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The 2017 Tax Cuts and Jobs Act’s $10,000 cap on the state and local tax (SALT) deduction managed to survive attempts to reform or scrap the policy during the last Congress, but that hasn’t stopped states from bypassing it. If anything, state activity in this area has accelerated, even though the provision is set to expire after 2025 (whether it will expire or be extended or reformed, is a totally different question).
Although the US Treasury Department disallowed some attempted workarounds to the SALT deduction limit, states have the greenlight to provide tax relief for filers with pass-through business income.
Here’s how it works: Under federal tax rules, the $10,000 cap applies to all individual filers, including business owners who report their earnings as pass-through income. However, C corporations, who pay taxes at the entity level, have no cap on their SALT deductions.
So, many states have enacted laws allowing pass-through businesses to pay taxes at the entity level in lieu of on their owners’ or shareholders’ individual income tax returns. All the business does is change how it files its taxes, and then business owners or shareholders can take the full SALT deduction against these earnings.
It’s not hard to see why the pass-through entity (PTE) tax has become so popular with states. It cuts taxes for their residents and businesses without reducing state tax revenue. It’s the feds who get charged for the workaround.
A pervasive trend
Support for the policy is bipartisan. Currently, about 30 states have enacted a PTE tax, up from 14 in June 2021. Connecticut became the first state to enact a PTE tax as a workaround for the SALT cap in April 2018. PTE taxes in Connecticut are mandatory, but elective in all other states.
State PTE tax structures and rules vary widely, which can lead to complications, especially for businesses operating across state lines. Whether paying a PTE-level tax reduces shareholders’ income tax liability or not depends on each state’s tax rates, credits, and deduction limits for individuals versus for PTEs.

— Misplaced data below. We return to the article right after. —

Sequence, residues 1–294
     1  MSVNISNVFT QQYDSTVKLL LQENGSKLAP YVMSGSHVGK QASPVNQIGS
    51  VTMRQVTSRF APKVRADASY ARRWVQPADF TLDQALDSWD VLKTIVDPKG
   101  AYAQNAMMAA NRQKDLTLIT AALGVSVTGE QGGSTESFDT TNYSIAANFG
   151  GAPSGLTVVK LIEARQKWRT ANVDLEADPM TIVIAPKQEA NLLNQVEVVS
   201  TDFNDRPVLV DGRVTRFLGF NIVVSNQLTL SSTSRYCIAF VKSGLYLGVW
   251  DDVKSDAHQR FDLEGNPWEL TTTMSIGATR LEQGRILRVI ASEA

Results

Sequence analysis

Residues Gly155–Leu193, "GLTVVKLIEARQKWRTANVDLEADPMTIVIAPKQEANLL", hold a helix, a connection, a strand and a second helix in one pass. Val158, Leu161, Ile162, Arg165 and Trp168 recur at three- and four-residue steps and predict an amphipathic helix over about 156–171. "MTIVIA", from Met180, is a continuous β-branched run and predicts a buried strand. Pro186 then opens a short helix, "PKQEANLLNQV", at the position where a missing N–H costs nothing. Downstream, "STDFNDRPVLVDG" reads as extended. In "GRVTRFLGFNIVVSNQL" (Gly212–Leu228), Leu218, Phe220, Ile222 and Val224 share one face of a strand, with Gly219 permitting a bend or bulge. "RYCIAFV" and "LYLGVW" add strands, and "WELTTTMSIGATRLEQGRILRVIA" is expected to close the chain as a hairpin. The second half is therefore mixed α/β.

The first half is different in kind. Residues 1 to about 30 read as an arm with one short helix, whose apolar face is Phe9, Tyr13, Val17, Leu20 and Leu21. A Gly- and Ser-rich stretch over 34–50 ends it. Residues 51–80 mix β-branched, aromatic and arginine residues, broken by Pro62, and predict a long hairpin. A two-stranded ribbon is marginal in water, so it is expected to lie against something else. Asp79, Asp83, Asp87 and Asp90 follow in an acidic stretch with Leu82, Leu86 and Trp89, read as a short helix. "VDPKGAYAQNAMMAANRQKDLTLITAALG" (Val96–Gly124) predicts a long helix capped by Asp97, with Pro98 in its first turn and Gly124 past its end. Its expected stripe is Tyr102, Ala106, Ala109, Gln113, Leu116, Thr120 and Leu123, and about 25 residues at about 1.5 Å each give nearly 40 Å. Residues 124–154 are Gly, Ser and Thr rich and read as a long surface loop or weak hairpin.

If an election is made for a particular entity, the election is binding on all owners or shareholders for that tax year. But electing PTE taxes may not always be beneficial for all individual shareholders. For example, non-resident shareholders might not be eligible to receive a state tax credit, depending on the resident state’s laws.
How states account for this revenue is also complicated. For example, New Jersey and Virginia count revenues received from PTE taxes as part of personal income taxes, because that was where the revenue had previously been reported. Other states, such as California and Connecticut, count PTE revenues toward corporate income taxes, while Wisconsin counts it toward both personal income and corporate income taxes.
(For a current list of the states with elective PTE taxes and their effective dates see Table A7 of our latest State Tax and Economic Review quarterly report.)
Understanding PTE elective taxes and state coffers
PTE taxes can complicate understanding tax and revenue trends across different states. Declines in personal income taxes can reflect softening economic activity but also may be driven by this shift in where taxes are reported.
The Urban Institute’s State and Local Finance Initiative monthly tax data can shed light on these questions. The table below shows PTE tax collections since enactment in six states. (In other states, elective PTE taxes are still being implemented and data won’t be available until after the end of the tax filing season.)
California and New York have each collected over $22 billion from PTE taxes so far. Both states, as well as Michigan, have also seen declines in their personal income estimated tax payments during the first ten months of 2022. This likely reflects a shift in liability to the entity level, although declining stock values may have also driven down estimated tax payments.
PTE tax payments appear to have weakened in recent months. Most states require businesses to decide at the beginning of the year to opt in or not, so weakening across years could reflect entities determining the benefit was less than expected. Or weakening bottom lines for the businesses or partnerships could be at work.
Opting for PTE taxes was expected to lower personal income estimated payments. Some states had waived the requirement for PTE's to make estimated payments. However, it is possible that some partnerships or S-corporations may have been making estimated payments voluntarily. So, the full impact of PTE taxes on personal income tax payments will be a lot clearer when tax filing season is over.
Last, but not least, it will take time for businesses and states to sort out the actual benefits of the new PTE taxes and how it affects different owners. Until then, we will witness more volatility in income tax revenue streams, which might also become moot at the end of 2025 if the SALT cap expires.
Posts and comments are solely the opinion of the author and not that of the Tax Policy Center, Urban Institute, or Brookings Institution.